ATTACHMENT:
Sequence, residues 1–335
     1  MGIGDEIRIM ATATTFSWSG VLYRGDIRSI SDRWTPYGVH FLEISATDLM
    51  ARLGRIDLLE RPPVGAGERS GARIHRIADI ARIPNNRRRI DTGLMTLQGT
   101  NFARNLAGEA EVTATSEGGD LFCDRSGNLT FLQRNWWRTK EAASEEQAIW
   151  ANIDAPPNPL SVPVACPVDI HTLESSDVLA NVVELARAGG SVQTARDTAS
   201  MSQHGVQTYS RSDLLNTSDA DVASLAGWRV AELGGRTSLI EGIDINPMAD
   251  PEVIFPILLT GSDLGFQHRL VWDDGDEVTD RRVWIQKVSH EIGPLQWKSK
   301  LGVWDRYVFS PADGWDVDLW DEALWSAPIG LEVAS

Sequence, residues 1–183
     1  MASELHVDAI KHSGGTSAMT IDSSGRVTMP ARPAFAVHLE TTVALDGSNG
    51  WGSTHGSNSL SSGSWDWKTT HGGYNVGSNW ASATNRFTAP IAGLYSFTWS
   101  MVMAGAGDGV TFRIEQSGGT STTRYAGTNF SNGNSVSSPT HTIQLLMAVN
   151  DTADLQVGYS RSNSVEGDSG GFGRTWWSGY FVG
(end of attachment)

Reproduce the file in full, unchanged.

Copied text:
Sequence, residues 1–335
     1  MGIGDEIRIM ATATTFSWSG VLYRGDIRSI SDRWTPYGVH FLEISATDLM
    51  ARLGRIDLLE RPPVGAGERS GARIHRIADI ARIPNNRRRI DTGLMTLQGT
   101  NFARNLAGEA EVTATSEGGD LFCDRSGNLT FLQRNWWRTK EAASEEQAIW
   151  ANIDAPPNPL SVPVACPVDI HTLESSDVLA NVVELARAGG SVQTARDTAS
   201  MSQHGVQTYS RSDLLNTSDA DVASLAGWRV AELGGRTSLI EGIDINPMAD
   251  PEVIFPILLT GSDLGFQHRL VWDDGDEVTD RRVWIQKVSH EIGPLQWKSK
   301  LGVWDRYVFS PADGWDVDLW DEALWSAPIG LEVAS

Sequence, residues 1–183
     1  MASELHVDAI KHSGGTSAMT IDSSGRVTMP ARPAFAVHLE TTVALDGSNG
    51  WGSTHGSNSL SSGSWDWKTT HGGYNVGSNW ASATNRFTAP IAGLYSFTWS
   101  MVMAGAGDGV TFRIEQSGGT STTRYAGTNF SNGNSVSSPT HTIQLLMAVN
   151  DTADLQVGYS RSNSVEGDSG GFGRTWWSGY FVG